In this Torah portion, Devarim (Deuteronomy 1-3), Moses recalls the travels through the Sinai desert when G‑d told him:
Be not at enmity with Moab, neither contend with them in battle; for I will not give thee of his land for a possession. (Deuteronomy 2:9)
To put this into context, let us recall the covenant of the pieces (or covenant between the parts, Heb. Brit Bein HaBetarim), when G‑d promised Avraham:
On that day the Lord made a covenant with Abram, saying: “Unto thy seed have I given this land, from the river of Egypt unto the great river, the river Euphrates; the Kenite, and the Kenizzite, and the Kadmonite, and the Hittite, and the Perizzite, and the Rephaim, and the Amorite, and the Canaanite, and the Girgashite, and the Jebusite.” (Genesis 15:19-21)
The medieval Biblical commentator, Rabbi Shlomo Yitzchaki, known by his acronym, Rashi, explains that “There are ten nations listed here, but He gave them only seven nations. The other three—Edom, Moab (Mo’av) and Amon, which are the Kenite, and the Kenizzite, and the Kadmonite—are destined to be our heritage in the future.” In other words, these three lands were not destined to be captured by Moses, Joshua, and the generations immediately thereafter, but were left as the final frontier to be captured in Messianic times by the Mashiach (the Messiah).
On a spiritual level, the philosophy of Chabad explains these ten nations as a metaphor for the ten faculties of the soul—seven nations corresponding to seven emotional attributes and the three nations corresponding to the three intellectual faculties: Chochmah (Wisdom), Binah (Understanding) and Da’at (Knowledge). The second Rebbe of Chabad, the Mitteler Rebbe, explained that during the current era, our mission is to capture and bring G‑dliness to our emotions; whereas, in the Messianic era, our mission will be to bring G‑dliness to the intellect.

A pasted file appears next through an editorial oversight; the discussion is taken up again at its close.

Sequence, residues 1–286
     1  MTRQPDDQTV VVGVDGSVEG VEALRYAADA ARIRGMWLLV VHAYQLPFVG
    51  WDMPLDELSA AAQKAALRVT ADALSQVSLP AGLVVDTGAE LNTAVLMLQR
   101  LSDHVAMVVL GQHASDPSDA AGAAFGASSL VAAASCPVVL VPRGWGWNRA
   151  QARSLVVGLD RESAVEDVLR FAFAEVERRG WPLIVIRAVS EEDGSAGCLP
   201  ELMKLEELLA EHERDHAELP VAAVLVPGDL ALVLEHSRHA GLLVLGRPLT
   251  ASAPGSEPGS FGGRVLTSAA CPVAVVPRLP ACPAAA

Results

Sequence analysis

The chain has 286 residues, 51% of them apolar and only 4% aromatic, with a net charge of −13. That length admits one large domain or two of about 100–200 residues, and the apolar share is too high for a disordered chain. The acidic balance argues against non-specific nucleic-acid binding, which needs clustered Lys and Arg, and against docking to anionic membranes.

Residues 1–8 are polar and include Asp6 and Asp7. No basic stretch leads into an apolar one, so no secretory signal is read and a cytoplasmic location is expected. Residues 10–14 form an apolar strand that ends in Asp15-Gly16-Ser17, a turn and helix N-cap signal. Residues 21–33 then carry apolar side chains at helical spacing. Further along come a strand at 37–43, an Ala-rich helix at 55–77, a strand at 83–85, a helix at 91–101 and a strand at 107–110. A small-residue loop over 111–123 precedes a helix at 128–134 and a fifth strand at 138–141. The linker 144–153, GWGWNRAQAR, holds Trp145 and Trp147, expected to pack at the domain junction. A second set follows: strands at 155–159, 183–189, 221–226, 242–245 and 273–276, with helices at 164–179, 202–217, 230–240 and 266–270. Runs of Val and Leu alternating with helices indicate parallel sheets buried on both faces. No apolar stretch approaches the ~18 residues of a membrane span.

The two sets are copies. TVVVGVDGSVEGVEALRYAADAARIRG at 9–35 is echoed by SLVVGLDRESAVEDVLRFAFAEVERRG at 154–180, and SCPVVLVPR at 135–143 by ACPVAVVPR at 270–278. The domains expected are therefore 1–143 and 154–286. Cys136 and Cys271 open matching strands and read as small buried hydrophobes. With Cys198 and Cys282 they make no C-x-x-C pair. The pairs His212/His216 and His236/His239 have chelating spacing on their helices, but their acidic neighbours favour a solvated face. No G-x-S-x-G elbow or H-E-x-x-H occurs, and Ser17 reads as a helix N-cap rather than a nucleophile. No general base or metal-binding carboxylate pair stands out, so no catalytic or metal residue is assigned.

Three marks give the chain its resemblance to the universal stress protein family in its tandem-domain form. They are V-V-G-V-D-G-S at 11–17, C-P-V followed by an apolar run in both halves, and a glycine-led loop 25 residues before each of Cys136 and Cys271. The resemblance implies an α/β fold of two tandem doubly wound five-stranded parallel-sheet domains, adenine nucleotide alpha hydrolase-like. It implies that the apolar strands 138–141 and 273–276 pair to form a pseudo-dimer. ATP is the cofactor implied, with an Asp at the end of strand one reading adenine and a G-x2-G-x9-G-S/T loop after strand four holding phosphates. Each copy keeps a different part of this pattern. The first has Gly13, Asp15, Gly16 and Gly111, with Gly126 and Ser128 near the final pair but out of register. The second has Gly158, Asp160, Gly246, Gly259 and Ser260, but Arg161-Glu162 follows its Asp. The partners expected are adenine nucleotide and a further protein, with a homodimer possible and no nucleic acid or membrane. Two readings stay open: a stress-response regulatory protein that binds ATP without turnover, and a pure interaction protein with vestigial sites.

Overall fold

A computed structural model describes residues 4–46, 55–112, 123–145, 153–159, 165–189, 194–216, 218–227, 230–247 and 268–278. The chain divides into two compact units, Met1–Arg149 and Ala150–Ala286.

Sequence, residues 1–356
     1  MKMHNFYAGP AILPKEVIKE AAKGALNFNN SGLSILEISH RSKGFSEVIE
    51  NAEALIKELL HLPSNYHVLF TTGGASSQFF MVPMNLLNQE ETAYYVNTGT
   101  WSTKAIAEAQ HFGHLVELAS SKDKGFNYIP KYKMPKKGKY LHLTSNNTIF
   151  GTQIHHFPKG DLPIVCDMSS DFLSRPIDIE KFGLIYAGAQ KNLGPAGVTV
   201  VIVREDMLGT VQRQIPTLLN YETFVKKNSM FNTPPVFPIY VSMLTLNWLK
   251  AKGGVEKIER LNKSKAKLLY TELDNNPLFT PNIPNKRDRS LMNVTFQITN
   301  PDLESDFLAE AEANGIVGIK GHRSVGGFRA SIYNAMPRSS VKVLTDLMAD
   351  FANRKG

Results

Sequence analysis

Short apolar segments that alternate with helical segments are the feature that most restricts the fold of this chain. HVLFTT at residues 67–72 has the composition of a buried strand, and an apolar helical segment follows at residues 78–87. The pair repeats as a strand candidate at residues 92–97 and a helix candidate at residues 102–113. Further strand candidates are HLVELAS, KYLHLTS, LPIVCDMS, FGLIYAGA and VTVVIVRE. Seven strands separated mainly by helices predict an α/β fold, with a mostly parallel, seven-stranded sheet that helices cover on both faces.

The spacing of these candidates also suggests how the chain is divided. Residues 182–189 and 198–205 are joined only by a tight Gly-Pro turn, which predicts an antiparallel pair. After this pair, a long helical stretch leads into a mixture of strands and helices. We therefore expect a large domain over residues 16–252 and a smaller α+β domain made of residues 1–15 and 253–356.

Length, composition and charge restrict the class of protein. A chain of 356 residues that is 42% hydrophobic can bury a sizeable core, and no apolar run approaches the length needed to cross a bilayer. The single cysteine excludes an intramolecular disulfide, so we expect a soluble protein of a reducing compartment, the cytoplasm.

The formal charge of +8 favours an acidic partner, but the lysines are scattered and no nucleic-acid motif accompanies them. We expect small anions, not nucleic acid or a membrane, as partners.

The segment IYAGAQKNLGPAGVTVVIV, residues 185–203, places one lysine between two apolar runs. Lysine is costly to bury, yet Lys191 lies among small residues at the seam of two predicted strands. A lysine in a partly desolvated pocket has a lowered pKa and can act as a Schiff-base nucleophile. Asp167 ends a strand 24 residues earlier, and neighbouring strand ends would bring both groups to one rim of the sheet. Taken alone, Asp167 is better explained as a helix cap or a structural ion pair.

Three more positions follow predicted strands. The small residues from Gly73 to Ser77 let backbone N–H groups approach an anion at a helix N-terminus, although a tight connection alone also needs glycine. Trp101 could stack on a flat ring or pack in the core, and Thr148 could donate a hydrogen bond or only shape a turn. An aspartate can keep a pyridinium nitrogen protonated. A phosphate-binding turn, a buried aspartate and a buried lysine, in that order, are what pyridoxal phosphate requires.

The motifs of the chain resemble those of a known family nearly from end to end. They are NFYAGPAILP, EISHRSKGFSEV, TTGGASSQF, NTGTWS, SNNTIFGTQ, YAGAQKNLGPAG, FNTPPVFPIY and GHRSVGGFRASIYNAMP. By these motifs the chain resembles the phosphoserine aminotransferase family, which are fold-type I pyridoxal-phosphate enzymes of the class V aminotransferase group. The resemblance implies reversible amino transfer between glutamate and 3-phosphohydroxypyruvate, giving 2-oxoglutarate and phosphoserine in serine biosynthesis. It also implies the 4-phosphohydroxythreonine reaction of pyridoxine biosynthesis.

In Messianic times, we will pursue the intellectual service of comprehending G‑dliness, as it is written, “For the earth shall be filled with the knowledge of the glory of the Lord, as the waters cover the sea” (Habakkuk 2:14). It stands to reason that engaging in these pursuits may hasten the advent of the Messianic era. Indeed, the Chasidic philosophy of ChaBaD—an acronym of Chochmah, Binah and Da’at—is a foretaste of the intellectual pursuits of the Messianic era, as the Lubavitcher Rebbe explained in his public letter issued on the 3rd day of Holiday of Sukkot in 1990 (5750). (See also Gutnick Chumash, Devarim, p. 17.)
This notion was further amplified by the Rebbe in connection with the story of the conversion of Jethro (Yitro), whose knowledge encompassed the entire body of secular knowledge of his time. His conversion to Judaism, which infused this knowledge with G‑dliness, is seen, in a sense, as a prerequisite to the Giving of the Torah at Sinai. Similarly now, the Rebbe explains, the convergence of Torah knowledge with Science is, in a sense, a prerequisite to the revelation of Mashiach. See more on this in my earlier post, Convergence of Science and Torah.